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# Inverse trigonometric functions review

Review your knowledge of the inverse trigonometric functions, arcsin(x), arccos(x), & arctan(x).

## What are the inverse trigonometric functions?

\arcsin, left parenthesis, x, right parenthesis, or sine, start superscript, minus, 1, end superscript, left parenthesis, x, right parenthesis, is the inverse of sine, left parenthesis, x, right parenthesis.
\arccos, left parenthesis, x, right parenthesis, or cosine, start superscript, minus, 1, end superscript, left parenthesis, x, right parenthesis, is the inverse of cosine, left parenthesis, x, right parenthesis.
\arctan, left parenthesis, x, right parenthesis, or tangent, start superscript, minus, 1, end superscript, left parenthesis, x, right parenthesis, is the inverse of tangent, left parenthesis, x, right parenthesis.

## Range of the inverse trig functions

minus, start fraction, pi, divided by, 2, end fraction, is less than or equal to, \arcsin, left parenthesis, theta, right parenthesis, is less than or equal to, start fraction, pi, divided by, 2, end fractionminus, 90, degrees, is less than or equal to, \arcsin, left parenthesis, theta, right parenthesis, is less than or equal to, 90, degrees
0, is less than or equal to, \arccos, left parenthesis, theta, right parenthesis, is less than or equal to, pi0, degrees, is less than or equal to, \arccos, left parenthesis, theta, right parenthesis, is less than or equal to, 180, degrees
minus, start fraction, pi, divided by, 2, end fraction, is less than, \arctan, left parenthesis, theta, right parenthesis, is less than, start fraction, pi, divided by, 2, end fractionminus, 90, degrees, is less than, \arctan, left parenthesis, theta, right parenthesis, is less than, 90, degrees
The trigonometric functions aren't really invertible, because they have multiple inputs that have the same output. For example, sine, left parenthesis, 0, right parenthesis, equals, sine, left parenthesis, pi, right parenthesis, equals, 0. So what should be sine, start superscript, minus, 1, end superscript, left parenthesis, 0, right parenthesis?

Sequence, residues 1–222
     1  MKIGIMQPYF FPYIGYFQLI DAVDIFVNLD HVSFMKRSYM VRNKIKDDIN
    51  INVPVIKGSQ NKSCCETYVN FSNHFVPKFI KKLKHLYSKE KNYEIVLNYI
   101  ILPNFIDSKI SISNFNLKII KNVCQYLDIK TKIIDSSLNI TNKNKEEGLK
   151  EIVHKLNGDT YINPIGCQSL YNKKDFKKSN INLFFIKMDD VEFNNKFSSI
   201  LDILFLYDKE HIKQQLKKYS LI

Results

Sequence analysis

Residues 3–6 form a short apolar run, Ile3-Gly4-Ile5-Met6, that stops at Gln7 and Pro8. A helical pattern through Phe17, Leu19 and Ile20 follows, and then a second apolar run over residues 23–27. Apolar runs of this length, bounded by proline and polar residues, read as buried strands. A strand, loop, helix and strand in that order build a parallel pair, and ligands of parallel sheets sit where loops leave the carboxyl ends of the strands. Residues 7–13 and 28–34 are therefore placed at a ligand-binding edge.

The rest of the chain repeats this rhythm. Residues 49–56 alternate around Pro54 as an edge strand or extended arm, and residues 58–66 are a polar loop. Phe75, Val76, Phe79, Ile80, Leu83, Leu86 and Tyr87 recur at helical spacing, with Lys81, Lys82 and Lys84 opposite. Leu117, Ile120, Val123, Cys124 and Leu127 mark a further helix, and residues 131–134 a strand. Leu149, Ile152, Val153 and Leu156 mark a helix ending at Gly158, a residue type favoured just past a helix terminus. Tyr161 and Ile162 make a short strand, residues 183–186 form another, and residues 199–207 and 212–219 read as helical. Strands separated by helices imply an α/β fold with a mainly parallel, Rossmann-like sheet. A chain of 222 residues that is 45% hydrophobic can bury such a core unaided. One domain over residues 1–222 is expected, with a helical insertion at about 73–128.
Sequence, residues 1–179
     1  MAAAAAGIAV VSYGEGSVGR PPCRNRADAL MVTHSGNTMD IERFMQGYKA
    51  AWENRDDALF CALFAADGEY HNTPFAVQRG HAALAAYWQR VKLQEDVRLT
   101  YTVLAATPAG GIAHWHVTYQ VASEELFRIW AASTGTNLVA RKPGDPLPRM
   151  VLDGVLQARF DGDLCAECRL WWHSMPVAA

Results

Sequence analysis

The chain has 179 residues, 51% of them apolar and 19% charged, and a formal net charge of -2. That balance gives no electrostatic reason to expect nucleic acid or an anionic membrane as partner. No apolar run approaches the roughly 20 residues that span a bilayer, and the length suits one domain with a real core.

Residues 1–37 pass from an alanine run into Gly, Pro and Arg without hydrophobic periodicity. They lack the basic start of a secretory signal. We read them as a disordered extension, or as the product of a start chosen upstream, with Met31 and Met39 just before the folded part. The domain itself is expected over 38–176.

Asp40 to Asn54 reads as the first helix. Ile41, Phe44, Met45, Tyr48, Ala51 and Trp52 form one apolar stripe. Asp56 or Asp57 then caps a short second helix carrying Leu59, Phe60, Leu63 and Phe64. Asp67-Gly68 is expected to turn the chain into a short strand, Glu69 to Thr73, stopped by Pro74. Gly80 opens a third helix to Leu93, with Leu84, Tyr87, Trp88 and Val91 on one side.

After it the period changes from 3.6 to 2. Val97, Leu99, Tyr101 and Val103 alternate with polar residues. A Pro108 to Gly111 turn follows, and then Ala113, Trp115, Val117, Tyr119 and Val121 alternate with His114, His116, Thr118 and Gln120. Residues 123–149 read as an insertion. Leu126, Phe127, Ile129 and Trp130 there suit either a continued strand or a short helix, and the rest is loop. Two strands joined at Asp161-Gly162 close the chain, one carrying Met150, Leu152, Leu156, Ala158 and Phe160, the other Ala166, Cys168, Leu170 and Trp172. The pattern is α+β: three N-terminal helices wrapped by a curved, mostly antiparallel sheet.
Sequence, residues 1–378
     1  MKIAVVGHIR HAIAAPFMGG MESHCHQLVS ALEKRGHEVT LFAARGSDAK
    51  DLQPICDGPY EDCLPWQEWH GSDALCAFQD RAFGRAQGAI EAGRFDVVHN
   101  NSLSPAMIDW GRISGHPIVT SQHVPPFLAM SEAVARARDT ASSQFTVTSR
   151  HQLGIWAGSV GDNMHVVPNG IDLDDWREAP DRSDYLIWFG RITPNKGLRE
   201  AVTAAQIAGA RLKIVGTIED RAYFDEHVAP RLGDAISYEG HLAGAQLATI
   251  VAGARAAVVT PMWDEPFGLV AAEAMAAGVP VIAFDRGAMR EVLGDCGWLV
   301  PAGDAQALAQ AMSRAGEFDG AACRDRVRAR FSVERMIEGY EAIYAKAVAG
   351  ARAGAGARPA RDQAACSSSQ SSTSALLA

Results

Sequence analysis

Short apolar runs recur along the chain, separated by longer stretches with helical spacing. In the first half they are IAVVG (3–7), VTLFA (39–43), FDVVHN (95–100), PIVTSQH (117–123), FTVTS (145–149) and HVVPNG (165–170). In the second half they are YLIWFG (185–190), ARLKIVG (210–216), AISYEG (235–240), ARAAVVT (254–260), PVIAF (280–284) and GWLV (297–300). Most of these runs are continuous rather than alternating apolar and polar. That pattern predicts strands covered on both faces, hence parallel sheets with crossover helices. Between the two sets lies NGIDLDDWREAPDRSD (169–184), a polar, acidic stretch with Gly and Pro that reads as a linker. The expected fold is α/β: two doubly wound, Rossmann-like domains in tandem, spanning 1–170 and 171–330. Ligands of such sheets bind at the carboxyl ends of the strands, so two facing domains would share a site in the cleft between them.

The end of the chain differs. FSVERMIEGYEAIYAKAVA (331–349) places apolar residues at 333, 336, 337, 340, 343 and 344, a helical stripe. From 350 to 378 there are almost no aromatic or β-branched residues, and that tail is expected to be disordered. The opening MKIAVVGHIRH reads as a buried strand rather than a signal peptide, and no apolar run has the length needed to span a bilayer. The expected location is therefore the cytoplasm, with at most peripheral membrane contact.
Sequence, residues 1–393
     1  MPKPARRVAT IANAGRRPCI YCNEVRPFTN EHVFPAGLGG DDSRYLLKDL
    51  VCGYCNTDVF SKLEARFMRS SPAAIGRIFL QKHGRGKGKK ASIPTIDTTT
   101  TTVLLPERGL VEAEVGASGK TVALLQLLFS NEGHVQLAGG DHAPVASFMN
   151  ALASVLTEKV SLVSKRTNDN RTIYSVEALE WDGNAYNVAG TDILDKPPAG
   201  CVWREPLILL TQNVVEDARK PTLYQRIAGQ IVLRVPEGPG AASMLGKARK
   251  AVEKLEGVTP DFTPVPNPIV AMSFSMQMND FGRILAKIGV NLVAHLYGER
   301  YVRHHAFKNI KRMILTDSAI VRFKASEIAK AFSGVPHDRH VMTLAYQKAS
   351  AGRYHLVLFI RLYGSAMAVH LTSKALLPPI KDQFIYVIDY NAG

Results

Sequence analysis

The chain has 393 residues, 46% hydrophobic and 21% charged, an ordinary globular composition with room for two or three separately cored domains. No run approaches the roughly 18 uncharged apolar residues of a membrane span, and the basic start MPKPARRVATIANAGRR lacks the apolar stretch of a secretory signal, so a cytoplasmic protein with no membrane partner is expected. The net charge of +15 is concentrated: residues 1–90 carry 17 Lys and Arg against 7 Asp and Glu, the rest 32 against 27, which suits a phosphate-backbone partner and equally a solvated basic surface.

In order to define the inverse functions, we have to restrict the domain of the original functions to an interval where they are invertible. These domains determine the range of the inverse functions.
The value from the appropriate range that an inverse function returns is called the principal value of the function.

Problem 1
The sine value of all options is 0, point, 98. Which is the principal value of \arcsin, left parenthesis, 0, point, 98, right parenthesis?

Want to try more problems like this? Check out this exercise.

## Want to join the conversation?

• Can the range of arctan also be from 0 to 180? If we divide the circle into quadrants where 0-90 is 1st, 90-180 2nd, 180-270 3rd and 270-360 4th quadrant than the 1st and 3rd have the same tan and the 2nd and 4th have the same tan. As I understand it range is determined so there is only one value for each tan and 1st and 2nd quadrant don't give the same tan. • The range of arctan cannot be from 0 to 180 because the 90 degrees angle is undefined and plus as you said the tans will be different in the first and second and in the third and fourth. tan(theta) can have infinite values and that is why several angles can function for many of the values of tan, therefore in order to have an inverse function, you need to restrict the values to the 1st and 4th quadrant in order to avoid 2 angles giving the same tan and so avoid making the function uninvertible. Plus I think you kinda answered your own question. Hopefully, this helps.
• How do you find the sin(arctan(2)) without using a calculator? 2 is not a value on the unit circle, so I'm not sure how to do this problem by hand. Another problem like this would be cos(arcsin(1/4)). Is there a way to do these types of problems using right triangles? If so, how?